Missing money? Belknap County budget at risk over revenue that may not materialize

Money from state for pensions, Gunstock revenue at issue

By MICHAEL KITCH, LACONIA DAILY SUN

LACONIA — While seeking to forestall any increase on the property tax burden without further depleting an already shrunken fund balance, the Belknap County delegation has written a budget that by projecting revenue that will not be collected, has increased the risk of one or the other.
Rep. Marc Abear (R-Meredith), the principal architect of the budget, flatly declined to comment on the revenue projections.
The Belknap County Delegation has estimated revenues in the budget that include $290,810 representing an anticipated contribution from the state toward the employer contributions to the New Hampshire Retirement System to fund the pensions of county employees. These funds are unlikely to be forthcoming.

Moreover, the delegation inflated the anticipated contribution from the state by assuming it applied to all county employees. But, since the county employs no school teachers, it would have applied only to members of the Sheriff's Department and Corrections Department. County Administrator Debra Shackett calculated that that if the state were to contribute 15 percent funded, the county's share would only be discounted by $75,000, not $290,810.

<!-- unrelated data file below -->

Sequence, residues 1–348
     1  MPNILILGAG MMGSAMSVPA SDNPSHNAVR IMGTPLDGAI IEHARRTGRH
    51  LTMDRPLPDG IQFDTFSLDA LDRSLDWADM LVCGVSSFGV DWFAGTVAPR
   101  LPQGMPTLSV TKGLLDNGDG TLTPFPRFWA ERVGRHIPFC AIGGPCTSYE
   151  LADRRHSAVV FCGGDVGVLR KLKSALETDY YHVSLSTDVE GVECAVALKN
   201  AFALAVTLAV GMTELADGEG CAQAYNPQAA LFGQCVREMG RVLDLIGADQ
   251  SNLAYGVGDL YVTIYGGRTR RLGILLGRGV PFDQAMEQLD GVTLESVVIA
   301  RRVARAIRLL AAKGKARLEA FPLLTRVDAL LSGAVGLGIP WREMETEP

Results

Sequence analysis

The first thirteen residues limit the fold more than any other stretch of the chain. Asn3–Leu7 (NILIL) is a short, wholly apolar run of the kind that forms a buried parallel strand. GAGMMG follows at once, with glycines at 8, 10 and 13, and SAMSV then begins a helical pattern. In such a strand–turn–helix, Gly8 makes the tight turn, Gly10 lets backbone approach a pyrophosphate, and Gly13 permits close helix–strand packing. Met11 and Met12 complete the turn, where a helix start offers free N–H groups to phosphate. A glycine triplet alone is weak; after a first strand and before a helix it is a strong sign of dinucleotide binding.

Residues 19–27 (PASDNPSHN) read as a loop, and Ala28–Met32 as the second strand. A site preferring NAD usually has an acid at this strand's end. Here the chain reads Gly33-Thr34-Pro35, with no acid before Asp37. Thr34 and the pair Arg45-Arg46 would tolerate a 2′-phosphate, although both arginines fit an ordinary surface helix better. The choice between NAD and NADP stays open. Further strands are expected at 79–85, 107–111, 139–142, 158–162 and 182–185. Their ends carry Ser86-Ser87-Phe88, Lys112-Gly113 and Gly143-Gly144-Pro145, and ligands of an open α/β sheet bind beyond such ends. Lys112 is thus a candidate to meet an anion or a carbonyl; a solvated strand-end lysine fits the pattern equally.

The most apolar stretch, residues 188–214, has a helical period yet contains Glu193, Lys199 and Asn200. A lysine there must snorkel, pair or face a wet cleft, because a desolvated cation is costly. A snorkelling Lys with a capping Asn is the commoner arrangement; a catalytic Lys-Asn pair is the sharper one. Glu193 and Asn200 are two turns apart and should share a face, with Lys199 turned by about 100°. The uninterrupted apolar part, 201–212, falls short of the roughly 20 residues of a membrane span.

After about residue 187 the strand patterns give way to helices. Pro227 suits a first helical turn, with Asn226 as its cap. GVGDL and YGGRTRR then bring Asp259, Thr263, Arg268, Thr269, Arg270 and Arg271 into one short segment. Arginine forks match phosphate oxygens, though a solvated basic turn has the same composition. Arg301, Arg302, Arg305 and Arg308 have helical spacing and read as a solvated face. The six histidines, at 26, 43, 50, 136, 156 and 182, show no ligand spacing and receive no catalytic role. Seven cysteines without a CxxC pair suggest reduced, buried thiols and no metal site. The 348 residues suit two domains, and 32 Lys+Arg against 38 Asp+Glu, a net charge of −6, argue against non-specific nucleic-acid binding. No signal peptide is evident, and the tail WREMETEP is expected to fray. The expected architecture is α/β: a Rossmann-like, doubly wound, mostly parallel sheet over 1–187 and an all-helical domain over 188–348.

Meanwhile, the delegation also appears to have overestimated the revenue it expects to receive from Gunstock Mountain Resort. When the current Memorandum of Understanding between the county and resort expired, the delegation asked for $100,000 in negotiating its renewal, but included $175,000 in revenue in its 2017 budget, leaving a shortfall of $75,000.

The delegation could acknowledge its error and submit revised revenue estimates to the New Hampshire Department of Revenue Administration before it begins the process of setting the county tax rate in September. Shackett has calculated that correcting for the shortfall in revenue would increase that the budgeted amount to be raised by property taxes from $12,963,440 to $13,329,250, an increase of 2.74 percent.

Alternatively, by state statute, RSA 21-J:35, IV, provides that if, in the course of computing and setting the county tax rate, the Commissioner of Revenue Administration "finds that the estimated revenues included are inaccurate or inappropriate he shall adjust the estimates in question" and notify county officials of the changes.

Without changes to the revenue estimates, the county could end the year with a revenue shortfall that would reduce the money on hand. The fund balance stood near $3.4 million at the end of 2016. The delegation's budget applies half of that against property taxes in 2017. With a further reduction reflecting the revenue shortfall, the fund balance could dip to near $1.3 million. Shackett projects the tight operating budget will leave scant surplus to replenish the fund balance at year end. She has projected that with minimal operating surpluses, continuing to apply $1 million or more to county property taxes, the fund balance could shrink to less than $1 million in 2018 and 2019.

Moody's Investor Services has pointed to annual appropriations from the fund balance to balance the operating budget among the major fiscal challenges facing the county, and weighing on its credit rating. At the same time, without a stable and robust fund balance in the neighborhood of $4 or $5 million, the county will lack the resources to stabilize county tax rates.